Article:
My guide for Configuring DirectAccess with UAG Service Pack 1 has been released! Read it here
Getting DirectAccess up and running has never been easier than before the Unified Access Gateway
, yet it can still be a challenge to get all of the stars to align so it works right. To help, I've put together a collection of posts that will assist you in setting up DirectAccess step-by-step and give you some troubleshooting tips along the way.
Don't know what DirectAccess is? Think of it as a way of extending your company network to users when they are outside of the office. Here's a collection of resources to further shape your understanding of DirectAccess
Here's the index of this series. If you find that you want DirectAccess but do not want to go through all of this yourself, you can pay for hourly phone support with Microsoft Advisory Services
or you can hire me to come out and do it for you
- IP Addressing the UAG Server
- Unified Access Gateway Installation & Updates
- Firewall and DNS Considerations
- Certificates, Groups and Client Requirements
- Configure other Prerequisites for UAG
- Configuration Wizard: Clients
- Configuration Wizard: DirectAccess Server
- Network Location Server (NLS IIS site)
- Configuration Wizard: Infrastructure Servers
- Configuration Wizard: Application Servers
- Generate and Activate Policies
- DirectAccess Connectivity Assistant
- What won't work over DirectAccess
Before getting started with the guide, there are a few things take note of. Microsoft's official list of prerequisites is located here
- We'll be setting up a very simple, single instance UAG server. This does create a potential "single point of failure" but greatly reduces the complexity of setup. Once you have this in place you can move on to building NLB clusters and a High Availability UAG environment, but for now, let's keep it simple. Call it a Proof-of-Concept as opposed to full production-ready configuration.
- DirectAccess without UAG would require you to have at least one Domain Controller (or just a DNS server) that is running Windows Server 2008 or 2008 R2 to support IPv6 in DNS. Also, without UAG the domain functional level would need to be at 2003 Native or higher. These are no longer requirements thanks to the NAT64 and DNS64 features of UAG.
- You should already have a PKI set up. If you do not have an Enterprise Certificate Server with Auto-Enrollment set up for your workstations, start here. Without computer certificates DirectAccess will not work.
- Using aVirtual Machine for UAG is 100% supported (and I would recommend it personally). I would give this machine 4 CPU’s and 8GB of memory, although this is about twice the minimum requirements.
- You’ll need a minimal amount of disk space. If you are using a VM then 60GB on a dynamic disk is great but more than you really need.
- Install Windows Server 2008 R2 Standard. It you want it, Enterprise is supported but not required, even if you plan on setting up a cluster of UAG servers later because it uses NLB and not Failover Clustering. If you are reusing hardware be sure to delete any existing partitions and let the installer create them for you.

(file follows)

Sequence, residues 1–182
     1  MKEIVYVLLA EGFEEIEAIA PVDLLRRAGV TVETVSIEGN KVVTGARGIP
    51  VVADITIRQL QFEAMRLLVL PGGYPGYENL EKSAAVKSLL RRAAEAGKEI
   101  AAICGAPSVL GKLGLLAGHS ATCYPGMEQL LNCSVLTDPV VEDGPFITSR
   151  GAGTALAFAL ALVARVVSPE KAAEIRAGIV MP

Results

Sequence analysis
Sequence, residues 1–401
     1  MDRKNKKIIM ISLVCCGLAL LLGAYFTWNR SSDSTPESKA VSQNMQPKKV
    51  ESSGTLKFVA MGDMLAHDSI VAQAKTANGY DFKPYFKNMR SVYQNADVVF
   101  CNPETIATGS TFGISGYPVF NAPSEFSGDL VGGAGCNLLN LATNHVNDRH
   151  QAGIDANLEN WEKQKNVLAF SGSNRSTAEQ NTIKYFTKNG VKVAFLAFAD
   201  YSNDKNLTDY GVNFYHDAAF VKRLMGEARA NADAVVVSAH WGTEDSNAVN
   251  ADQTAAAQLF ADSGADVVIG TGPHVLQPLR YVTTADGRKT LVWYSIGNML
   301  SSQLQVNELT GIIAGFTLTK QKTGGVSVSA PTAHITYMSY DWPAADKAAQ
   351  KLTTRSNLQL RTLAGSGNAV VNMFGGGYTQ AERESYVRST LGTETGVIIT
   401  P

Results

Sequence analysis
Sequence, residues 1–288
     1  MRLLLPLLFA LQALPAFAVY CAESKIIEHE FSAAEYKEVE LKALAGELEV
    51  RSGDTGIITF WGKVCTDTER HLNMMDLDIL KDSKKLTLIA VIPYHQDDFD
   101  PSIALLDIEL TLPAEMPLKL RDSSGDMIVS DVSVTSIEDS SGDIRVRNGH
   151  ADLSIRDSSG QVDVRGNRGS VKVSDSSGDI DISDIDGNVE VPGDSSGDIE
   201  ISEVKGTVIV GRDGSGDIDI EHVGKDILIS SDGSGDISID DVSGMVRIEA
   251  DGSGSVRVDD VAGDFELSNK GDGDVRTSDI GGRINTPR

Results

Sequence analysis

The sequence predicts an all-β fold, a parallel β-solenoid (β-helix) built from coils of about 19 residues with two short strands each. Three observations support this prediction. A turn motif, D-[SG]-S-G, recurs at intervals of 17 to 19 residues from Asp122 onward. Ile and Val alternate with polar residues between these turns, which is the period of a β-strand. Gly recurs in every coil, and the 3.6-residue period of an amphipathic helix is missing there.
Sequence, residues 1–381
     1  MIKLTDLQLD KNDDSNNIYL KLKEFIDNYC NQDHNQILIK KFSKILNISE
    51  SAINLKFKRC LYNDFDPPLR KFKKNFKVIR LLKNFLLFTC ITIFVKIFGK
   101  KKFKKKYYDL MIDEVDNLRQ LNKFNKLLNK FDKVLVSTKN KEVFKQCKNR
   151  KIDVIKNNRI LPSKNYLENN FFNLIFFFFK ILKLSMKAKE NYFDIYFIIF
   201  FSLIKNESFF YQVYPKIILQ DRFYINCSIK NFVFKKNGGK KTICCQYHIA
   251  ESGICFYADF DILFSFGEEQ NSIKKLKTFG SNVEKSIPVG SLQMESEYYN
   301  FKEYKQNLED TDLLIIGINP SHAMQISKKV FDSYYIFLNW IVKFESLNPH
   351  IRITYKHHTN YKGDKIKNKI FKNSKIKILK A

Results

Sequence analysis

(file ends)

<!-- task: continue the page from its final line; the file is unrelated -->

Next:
- When you name the server make sure it is 15 characters or less.
- The server needs TWO network interfaces, one will need to be connected to your external network or DMZ, the other internal. It'll look like this.
- You will need TWO external IP’s that are in numerical order (x.x.x.1 and x.x.x.2). You cannot use NAT, the IP's on the external NIC must be public addresses.
- The first IP will need an External DNS record. DA.[yourdomain].com would be fine.
- Collect a list of all IPv4 networks (ip range, subnets, gateways) and vlan’s in your enterprise. You have to create static routes for the UAG server to be able communicate directly with each of your subnets.
- Make sure the workstations that you want to enable for DirectAccess are running Windows 7 Enterprise or Ultimate as other / earlier versions of Windows do not support DirectAccess.
- There are a few IIS sites that we’ll need to put someplace. Try to think of a server that might be appropriate for this (like an intranet site server or an IIS farm), otherwise I have used the certificate server for this purpose.
With all that in mind, the network connectivity diagram will look something like this:
The remote DirectAccess Client machine is likely behind a router at their home or hotel someplace which connects to the internet and the UAG server over an IPv4 network. The traffic which is destined for the corporate resources gets wrapped up in secure and virtual IPv6 network that is established between the client computer's virtual adapter and the ISATAP router tht runs on the UAG server. Then the traffic is then dropped onto the corporate IPv4 network and arrives at the corporate resource.
There are a number of variations on this diagram, but that is essentially how DirectAccess works over a pure IPv4 network and what this guide will walk you through setting up.
A lot of this walk-through guide is based on the contents of the Microsoft guide for Step by Step: Demonstrating Direct Access in a Lab
and the Step by Step Troubleshooting DirectAccess
. In case I miss something or you want more details you should refer first to those two documents.
Once you have completed the configuration you'll be able to enable computers for DirectAccess by simply adding the computer to a security group and reboot it. Then the computer (and the person using it) can access your corporate resources from anyplace they have Internet access.